THE CEMETERY BEHIND OUR HOUSE has held a dawn Remembrance Day ceremony at the Lutyens cenotaph for nearly a century. We try to make it there if we can every year. It seemed particularly imperative this weekend, with the centenary of the end of World War One. There are no more veterans of that war, and veterans of the one that followed seem fewer every year.
I LOVE TO TRAVEL. It was a revelation to learn that I could travel and take pictures and sometimes even get paid to do it. After my gig doing travel writing for the Toronto Star ended last year I went into withdrawal for a few months before biting the bullet and starting my own travel photography blog. There might not be money in it, but it gets me back out on the road with my cameras, and that’s really the point.
My first trip for the blog was a pilgrimage to Rochester, New York; it seemed like a suitable destination to start with for a travel photo blog, and for a Kodak kid like myself, it was even more perfect. Everyone at the city’s tourism bureau were helpful and enthusiastic and I came back with three stories for the blog.
But I’m always shooting when I’m on a trip, and there are always leftover shots that don’t quite fit with the stories I produce. If I’m honest, these leftovers – “my own arty weird shit” as I used to call them when talking to my editor at the Star – are the reason I got into travel journalism. I could try and make these images without leaving Toronto, I suppose, but potentially having access to anywhere in the world to make them just increases the number of potential targets, so to speak.
It’s a travel photographer’s prerogative to ask if you can pull the car or bus over on your way between destinations to get a shot, and I’ve had to learn to find the best way to do that, whether I’m alone or on a group travel junket. Because there’s always something catching your eye, and I don’t know a photographer who doesn’t die a little when a potential shot recedes in the rear view mirror, unphotographed.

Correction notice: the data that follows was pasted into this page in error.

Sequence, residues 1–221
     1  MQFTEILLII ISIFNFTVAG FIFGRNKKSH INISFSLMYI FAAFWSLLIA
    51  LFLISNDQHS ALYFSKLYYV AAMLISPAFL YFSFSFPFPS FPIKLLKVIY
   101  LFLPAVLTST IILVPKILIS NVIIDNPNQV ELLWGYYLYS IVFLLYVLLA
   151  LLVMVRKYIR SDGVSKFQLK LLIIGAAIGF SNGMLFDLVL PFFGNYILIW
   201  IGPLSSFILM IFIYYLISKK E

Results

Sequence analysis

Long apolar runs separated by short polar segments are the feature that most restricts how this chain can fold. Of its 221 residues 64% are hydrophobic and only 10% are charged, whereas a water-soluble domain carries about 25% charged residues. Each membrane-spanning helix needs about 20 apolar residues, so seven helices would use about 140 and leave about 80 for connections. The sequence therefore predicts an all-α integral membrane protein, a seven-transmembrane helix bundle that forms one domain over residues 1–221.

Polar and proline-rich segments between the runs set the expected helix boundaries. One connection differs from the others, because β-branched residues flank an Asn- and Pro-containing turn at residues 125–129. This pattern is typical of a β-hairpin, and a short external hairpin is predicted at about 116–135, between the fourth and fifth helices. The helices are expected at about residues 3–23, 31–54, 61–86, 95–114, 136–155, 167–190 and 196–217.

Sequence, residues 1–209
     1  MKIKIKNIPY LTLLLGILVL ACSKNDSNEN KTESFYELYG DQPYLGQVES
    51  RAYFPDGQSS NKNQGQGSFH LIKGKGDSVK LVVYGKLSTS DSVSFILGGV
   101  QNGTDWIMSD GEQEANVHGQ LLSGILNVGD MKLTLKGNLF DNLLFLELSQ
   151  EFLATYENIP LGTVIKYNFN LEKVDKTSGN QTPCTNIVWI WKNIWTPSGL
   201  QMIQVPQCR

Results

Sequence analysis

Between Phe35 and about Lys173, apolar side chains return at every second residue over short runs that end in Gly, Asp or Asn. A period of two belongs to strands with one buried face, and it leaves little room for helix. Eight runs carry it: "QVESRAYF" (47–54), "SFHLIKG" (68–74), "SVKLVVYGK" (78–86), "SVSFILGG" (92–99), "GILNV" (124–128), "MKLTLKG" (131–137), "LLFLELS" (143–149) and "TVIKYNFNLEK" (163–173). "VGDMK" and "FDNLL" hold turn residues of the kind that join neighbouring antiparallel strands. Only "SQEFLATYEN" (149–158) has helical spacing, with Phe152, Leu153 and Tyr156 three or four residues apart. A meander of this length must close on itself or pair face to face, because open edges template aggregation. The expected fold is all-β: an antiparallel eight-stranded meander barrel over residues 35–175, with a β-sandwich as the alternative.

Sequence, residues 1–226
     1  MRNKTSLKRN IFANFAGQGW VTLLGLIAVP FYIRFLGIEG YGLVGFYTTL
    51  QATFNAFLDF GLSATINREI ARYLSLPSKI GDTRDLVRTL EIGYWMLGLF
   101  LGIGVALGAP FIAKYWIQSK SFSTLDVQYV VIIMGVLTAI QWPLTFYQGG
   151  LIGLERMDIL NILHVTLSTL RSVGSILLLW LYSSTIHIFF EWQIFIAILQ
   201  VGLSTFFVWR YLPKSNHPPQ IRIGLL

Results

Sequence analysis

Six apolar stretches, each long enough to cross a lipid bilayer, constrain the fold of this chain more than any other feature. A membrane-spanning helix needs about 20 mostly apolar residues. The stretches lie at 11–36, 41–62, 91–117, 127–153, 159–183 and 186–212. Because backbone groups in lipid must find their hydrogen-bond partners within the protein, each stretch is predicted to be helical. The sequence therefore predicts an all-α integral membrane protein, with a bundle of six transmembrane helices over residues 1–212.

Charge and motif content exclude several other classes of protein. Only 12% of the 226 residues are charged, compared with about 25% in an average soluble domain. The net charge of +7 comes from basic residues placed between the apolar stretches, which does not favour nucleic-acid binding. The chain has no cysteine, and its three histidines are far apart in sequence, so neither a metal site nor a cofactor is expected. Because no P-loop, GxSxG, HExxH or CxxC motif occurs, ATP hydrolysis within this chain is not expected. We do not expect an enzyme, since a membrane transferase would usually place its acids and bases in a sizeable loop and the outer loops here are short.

Travel photography is a recent addition to my portfolio, but I am always – and will probably always be – a portraitist. Opportunities to do portraits don’t always present themselves on trips, but when they do you have to grab them, as I did at the Genesee Country Village & Museum in Mumford NY. (A great family destination, by the way, if you’re in the area.)
MY FRIEND CHRIS AND I TALKED FOR HOURS LAST JULY, when he interviewed me for The Photographic Journal, but that’s not the part that made me nervous. I am gregarious by nature – probably too much so – so talking about anything (especially myself) isn’t a chore. Having my picture taken, however, makes me deeply uneasy.
I would have been anxious if anyone was doing a portrait of me, but Chris and I have a long personal history and I know his work as well as anyone could who isn’t him, I suppose. There’s a sometimes pitiless quality to a Chris Buck photo that I’ve found endlessly intriguing and entertaining – when someone else is the subject. I couldn’t help but wonder just what would happen when he turned his camera on me.
Chris asked me to suggest some locations, and the first one that came to mind was in the neighbourhood where I grew up – Mount Dennis, by what was once the Kodak Canada plant where both our families worked. I used to come down here in the evenings when I was young, sometimes stoned, sometimes not, and lie on the angled concrete banks encasing Black Creek, still warm from the summer sun, and stare at the sky.